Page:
The first time I saw Charley Pride was on Hee Haw when I was in the first or second grade. I remember thinking, “This is awesome. This guy looks like me and there’s no one else on that show that looks like me.”
I remember one day I’m leafing through all these records my mom had and I came across this Charley Pride record. I remembered seeing him on Hee Haw and I asked my mom why no one ever played this. She said, “I don’t know. We bought it because he’s a Black guy in country music.” I thought that was crazy. That must have been such a part of why I always felt I could do whatever I wanted to do with music because as a young kid, you see Charley and think, “We’re not supposed to be playing country music,” and this guy’s not only playing it, he’s having a lot of success.
He has great songs, but the delivery was so real. You can’t believe Charley didn’t write “Kiss an Angel Good Mornin’” because he sings it with such feeling. Even when we did “Why Things Happen” on Jimmie Allen’s new EP together, I remember listening and going, “Man, no one sounds like Charley Pride.” We never did get to be in the room together when we recorded it. That’s one of the thoughts that came to mind when I heard he died. I always thought we’d get to sing that song onstage together, the three of us.
Our very first meeting, we talked for hours. He was hosting the Opry and I was on it. I was praising him, saying how amazing it was to look at his catalog. It was the ’60s and ‘70s and he was having these hits and was entertainer of the year — this Black man doing what I know he was told he wasn’t supposed to do by everybody. He said, “Darius, one of the crazy things to me is that I’ve never been on the cover of Ebony or Jet,” and I said, “Me neither,” and he and I just laughed. That has always stuck with me. To not celebrate Charley Pride as an African-American proving that we can do anything, that was sad.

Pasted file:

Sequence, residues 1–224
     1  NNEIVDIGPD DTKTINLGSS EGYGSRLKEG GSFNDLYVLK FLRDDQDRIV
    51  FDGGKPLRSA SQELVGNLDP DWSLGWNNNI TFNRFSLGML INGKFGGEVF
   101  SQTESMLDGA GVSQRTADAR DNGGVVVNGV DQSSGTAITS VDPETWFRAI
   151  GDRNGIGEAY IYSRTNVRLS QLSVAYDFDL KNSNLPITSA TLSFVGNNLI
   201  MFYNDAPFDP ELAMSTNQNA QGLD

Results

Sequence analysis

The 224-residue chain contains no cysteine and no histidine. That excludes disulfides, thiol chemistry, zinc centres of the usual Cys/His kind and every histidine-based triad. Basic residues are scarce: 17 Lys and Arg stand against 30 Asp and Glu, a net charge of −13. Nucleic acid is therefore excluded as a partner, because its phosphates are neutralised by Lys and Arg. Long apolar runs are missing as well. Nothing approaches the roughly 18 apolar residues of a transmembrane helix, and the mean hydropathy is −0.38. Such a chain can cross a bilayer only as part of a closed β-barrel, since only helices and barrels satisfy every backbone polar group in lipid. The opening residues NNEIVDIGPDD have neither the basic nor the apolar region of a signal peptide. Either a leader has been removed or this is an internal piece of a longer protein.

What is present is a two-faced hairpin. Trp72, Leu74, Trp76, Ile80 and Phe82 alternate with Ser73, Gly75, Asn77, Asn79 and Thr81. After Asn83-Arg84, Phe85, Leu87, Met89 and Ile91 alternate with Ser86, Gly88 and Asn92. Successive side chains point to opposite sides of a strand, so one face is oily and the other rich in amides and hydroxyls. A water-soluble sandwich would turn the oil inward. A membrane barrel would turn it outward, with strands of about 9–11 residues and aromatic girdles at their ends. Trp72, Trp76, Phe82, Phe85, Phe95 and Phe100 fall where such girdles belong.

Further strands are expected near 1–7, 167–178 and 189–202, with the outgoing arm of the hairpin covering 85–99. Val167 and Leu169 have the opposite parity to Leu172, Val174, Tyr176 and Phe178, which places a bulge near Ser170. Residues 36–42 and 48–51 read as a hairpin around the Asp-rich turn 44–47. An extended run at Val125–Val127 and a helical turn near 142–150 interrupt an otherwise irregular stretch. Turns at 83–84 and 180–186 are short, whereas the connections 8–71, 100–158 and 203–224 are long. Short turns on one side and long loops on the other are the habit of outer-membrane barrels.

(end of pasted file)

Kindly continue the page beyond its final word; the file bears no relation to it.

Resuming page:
Charley’s age or my age growing up African-American, you didn’t make it until you were on the cover of Ebony or Jet, and for both of us to never make the cover, that was one of the things we thought we’d do it together one day.
Even when I started playing in Hootie & the Blowfish, I can’t imagine how it was for Charley: It wasn’t just white folks saying, “You can’t play this music,” it was black folks saying, “Why are you playing that music?” That’s another thing that makes it so amazing what he did.
Before I got to really sit down and talk to him about it, I always said to myself when I came into country music: No matter what happens I can handle it, because it’s not even going to be close to what Charley went through [including George Jones drunkenly writing “KKK” on his car].
Later in life he and George were great friends, but you hear those stories and you go, “Wow, it wasn’t just a person who didn’t want to be a fan, it was the people that you have to go be on a show with went out of their way to be a**holes.”
It’s like God put him there for that reason because they know he had the temperament to do what needed to be done. Just like Jackie Robinson in baseball. A power greater than us knew that someone needed to do it and he was the guy to do it because he could handle it. It’s shocking that there’s no Charley Pride movie. That’s the ultimate American story.
I couldn’t have done what I do, I don’t think, if there hadn’t been Charley before me. I think one of the reasons I got a chance is because a lot of people in radio did look and go, “Wow, it’s been 25 years,” and so I had a good song and they gave it a chance. Charley opened the door. I try to push it in a bit more and help these kids out.
There’s no doubt that I feel an obligation to help anybody I can. I feel like the way Charley was with me. I just want to help and if I can help those guys anywhere, any time I’m in. Other artists of color or any artist. Jimmie, Kane [Brown], Mickey [Guyton] … I feel a little special bond with them because we’re doing something that we’ve all been told that we’re not supposed to do.
I’m so glad he got the Willie Nelson Lifetime Achievement Award at the CMAs this year. Charley knew what he did and the impact he had on music, but I think it was another one of those accolades that you want to see when you’re alive. It was great to see him get that and see him be in the spotlight again and get to be a superstar.
At the CMAs, we were talking about how I wanted to come to Texas and hang out — not do music or nothing, just sit around and drink some tea or coffee. He called me when he got home and I was doing something and didn’t answer and I called him back and he didn’t answer. You look back and you go, “Wow, it’s just so sad.”
He is one of those guys that when you make a Mount Rushmore of country music, Charley Pride should be on it. For what he did and the way he did it and the fact that he did it when he did it. The word icon is used so much, but icon is the only word I would use to describe him.
–As told to Melinda Newman
Darius Rucker, a CMA Award and three-time Grammy Award winner, co-hosted the CMA Awards this year, making him only the second Black artist to do so since Pride co-hosted in 1975.